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Cake Pops



I was working on a recipe using Udi’s Double Chocolate Muffins and realized that the muffins would make perfect Cake Pops.  Have you heard of Cake Pops?  They are so simple to make and just so cute!  They even have them at Starbucks now – but not for us GF folks…

The cake pops pictured here are not mine.  They are from the Wilton site and show their adorable cake pop stand and perfectly made Cake Pops that would be ideal for spring or Easter.

My cake pops were eaten by two people (who shall remain nameless) before I took a picture.  I only made a few because I just had one muffin left, but they were great!

Here is the general concept of cake pops and how I made them with the muffins.

Cake Pops are made by combining prepared cake and frosting, rolling them into a ball, freezing the balls, inserting a lollipop stick, and then dipping the ball in chocolate.

To make 3-4 Udi’s Cake Pops

1 Udi’s Double Chocolate Muffin
2 Tablespoons Chocolate Frosting (such as Betty Crocker)
3-4 lollipop sticks
3/4 cup chocolate melting wafers (I used Wilton)
sprinkles, optional

In a bowl, combine the muffin and frosting.  Use a spoon or small rubber spatula and “smoosh” together until well combined.

Cover a plate with parchment or waxed paper.

Take a rounded Tablespoon of the mixture and roll in your hands until a smooth ball is formed.  Place the ball on the plate.  Continue to make as many balls as the batter will allow.

Place the balls in the freezer for at least two hours.  Once chilled through, insert a lollipop stick.

If desired, melt the chocolate candy wafers as directed on the package.  Dip each ball in the melted chocolate and decorate as desired.

To keep the pops upright while the chocolate is hardening, place a wire cooling rack on top of a few mugs.  Insert each stick through the rack so the pop is on top and just the bottom of the pop is touching the rack.   You can sprinkle the tops with nuts or sprinkles while the chocolate is not hardened.

Allow the outer chocolate coat to harden before eating.  It will just take a few minutes if your room is not too warm.

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9 Responses to “Cake Pops”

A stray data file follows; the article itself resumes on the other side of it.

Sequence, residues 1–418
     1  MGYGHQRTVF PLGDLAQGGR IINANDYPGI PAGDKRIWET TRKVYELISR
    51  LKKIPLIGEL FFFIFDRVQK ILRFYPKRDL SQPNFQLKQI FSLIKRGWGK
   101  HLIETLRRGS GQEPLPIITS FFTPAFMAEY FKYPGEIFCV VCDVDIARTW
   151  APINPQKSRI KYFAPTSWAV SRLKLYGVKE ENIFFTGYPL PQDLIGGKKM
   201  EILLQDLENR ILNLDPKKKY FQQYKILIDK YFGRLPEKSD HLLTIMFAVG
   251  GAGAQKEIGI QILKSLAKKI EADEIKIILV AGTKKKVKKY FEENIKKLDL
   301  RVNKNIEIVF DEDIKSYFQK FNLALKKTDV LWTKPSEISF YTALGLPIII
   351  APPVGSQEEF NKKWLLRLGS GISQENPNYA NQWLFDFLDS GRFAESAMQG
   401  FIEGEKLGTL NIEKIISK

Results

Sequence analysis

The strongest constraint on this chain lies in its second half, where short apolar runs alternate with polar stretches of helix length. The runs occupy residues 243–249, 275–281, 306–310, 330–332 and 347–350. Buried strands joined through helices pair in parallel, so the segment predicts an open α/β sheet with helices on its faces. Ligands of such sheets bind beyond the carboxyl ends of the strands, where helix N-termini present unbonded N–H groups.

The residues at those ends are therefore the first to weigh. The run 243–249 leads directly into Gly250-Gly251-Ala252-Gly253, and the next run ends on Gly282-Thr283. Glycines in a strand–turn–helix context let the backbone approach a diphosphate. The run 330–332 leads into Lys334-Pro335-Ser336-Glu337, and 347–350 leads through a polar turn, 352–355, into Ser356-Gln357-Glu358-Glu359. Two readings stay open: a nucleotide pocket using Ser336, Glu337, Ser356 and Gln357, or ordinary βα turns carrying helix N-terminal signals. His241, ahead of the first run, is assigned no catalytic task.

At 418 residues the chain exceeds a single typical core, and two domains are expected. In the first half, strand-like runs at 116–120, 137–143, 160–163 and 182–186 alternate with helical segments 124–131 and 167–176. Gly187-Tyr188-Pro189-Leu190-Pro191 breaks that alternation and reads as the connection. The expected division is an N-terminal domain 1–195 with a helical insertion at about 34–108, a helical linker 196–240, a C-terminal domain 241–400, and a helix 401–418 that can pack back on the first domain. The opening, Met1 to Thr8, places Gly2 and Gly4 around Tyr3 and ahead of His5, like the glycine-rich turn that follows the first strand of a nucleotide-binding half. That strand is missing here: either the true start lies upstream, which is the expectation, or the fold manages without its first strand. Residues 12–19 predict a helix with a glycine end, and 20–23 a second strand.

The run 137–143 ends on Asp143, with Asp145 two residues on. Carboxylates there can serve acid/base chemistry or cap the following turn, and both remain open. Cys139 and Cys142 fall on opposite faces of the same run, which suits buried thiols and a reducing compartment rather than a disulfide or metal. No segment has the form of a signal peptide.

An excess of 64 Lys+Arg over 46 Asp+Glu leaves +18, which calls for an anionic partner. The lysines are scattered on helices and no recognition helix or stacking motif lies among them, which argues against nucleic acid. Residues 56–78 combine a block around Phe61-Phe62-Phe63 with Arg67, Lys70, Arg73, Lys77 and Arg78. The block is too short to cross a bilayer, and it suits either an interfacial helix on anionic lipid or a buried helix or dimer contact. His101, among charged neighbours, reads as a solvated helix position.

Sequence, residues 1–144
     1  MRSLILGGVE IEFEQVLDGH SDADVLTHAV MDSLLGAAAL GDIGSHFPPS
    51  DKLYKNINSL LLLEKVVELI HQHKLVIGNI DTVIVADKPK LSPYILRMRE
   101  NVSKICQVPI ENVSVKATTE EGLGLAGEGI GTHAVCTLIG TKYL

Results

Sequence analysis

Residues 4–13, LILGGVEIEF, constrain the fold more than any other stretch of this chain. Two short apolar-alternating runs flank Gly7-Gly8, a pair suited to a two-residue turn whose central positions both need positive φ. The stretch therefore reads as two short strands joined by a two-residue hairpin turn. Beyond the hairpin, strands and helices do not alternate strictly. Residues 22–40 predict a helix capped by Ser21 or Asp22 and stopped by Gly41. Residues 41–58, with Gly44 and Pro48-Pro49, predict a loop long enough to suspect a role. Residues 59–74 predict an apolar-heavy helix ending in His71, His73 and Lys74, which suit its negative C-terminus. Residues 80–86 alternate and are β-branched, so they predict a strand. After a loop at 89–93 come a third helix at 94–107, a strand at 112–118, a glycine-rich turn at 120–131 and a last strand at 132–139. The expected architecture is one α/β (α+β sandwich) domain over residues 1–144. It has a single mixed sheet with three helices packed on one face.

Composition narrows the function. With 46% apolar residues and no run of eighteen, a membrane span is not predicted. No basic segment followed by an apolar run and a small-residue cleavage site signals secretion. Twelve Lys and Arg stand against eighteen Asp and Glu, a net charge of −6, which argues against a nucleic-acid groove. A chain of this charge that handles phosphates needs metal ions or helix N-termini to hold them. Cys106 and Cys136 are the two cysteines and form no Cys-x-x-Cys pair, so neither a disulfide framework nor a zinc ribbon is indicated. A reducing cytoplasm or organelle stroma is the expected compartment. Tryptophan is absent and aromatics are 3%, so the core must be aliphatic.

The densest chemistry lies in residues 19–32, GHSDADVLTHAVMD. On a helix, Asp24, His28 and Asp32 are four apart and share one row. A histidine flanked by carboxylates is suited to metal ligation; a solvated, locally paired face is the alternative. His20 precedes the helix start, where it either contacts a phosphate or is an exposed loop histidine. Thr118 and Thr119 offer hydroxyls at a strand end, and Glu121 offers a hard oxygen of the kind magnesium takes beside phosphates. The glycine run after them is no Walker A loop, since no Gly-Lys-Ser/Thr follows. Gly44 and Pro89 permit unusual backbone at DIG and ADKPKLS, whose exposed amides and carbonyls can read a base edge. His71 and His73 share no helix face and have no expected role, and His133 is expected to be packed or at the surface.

1. Maggi says:

    I make GF cake pops all of the time. In fact, the only reason why I keep the Betty Crocker GF mix on hand is for cake pops. The KAF mix I buy is for cakes (because one box makes two layers) but the one-layer BC mix is perfect for about 50 1-inch cake pops.

  2. Amy D. says:

    Maggi, if you make yours with regular GF cake mix, do you have to add more frosting? Or is the cake dense enough to hold together in a ball with the same amount that you’d use for a muffin?

  3. Hilary says:

    Wait…so you don’t bake them at all? You’re eating frozen cake batter? I’m confused.

  4. kelley says:

    To do a large batch, would I just use the BC cake mix and a container of frosting? This is a great idea for a baby shower I am hosting! Thank You :o )

  5. Nancy says:

    I use a large square of styrofoam to let the chocolate harden – just put the lollipop stick into the styrofoam – can use it over and over. Also if you are making lots of the pops you can use an electric griddle on low with a towel on it to keep the chocolate fluid and dont have to keep microwaving it. just set your bowls of chocolate on the towel and they stay just how you need it to dip

  6. Kendall says:

    So, if I use cake mix, I actually bake the cake, and then crumble it up and the frosting is what holds it together? (I don’t bake very often.. I .need instructions that would be for a 5 year old lol.)

  7. jkcafferty says:

    Kendall – you got it! Try it out and see how it goes. You can adjust the frosting to cake ratio to meet your needs. Good luck! Jen

  8. Maggi says:

    @ Amy D – I don’t think it needs an inordinate amount of frosting. I suppose overcooking your cake or low ambient humidity will play more of a role in determining how much frosting you use. But you only use enough to be able to roll the mixture into a ball. I generally use about 1/3 – 1/2 a tub of frosting per one BC GF cake mix.

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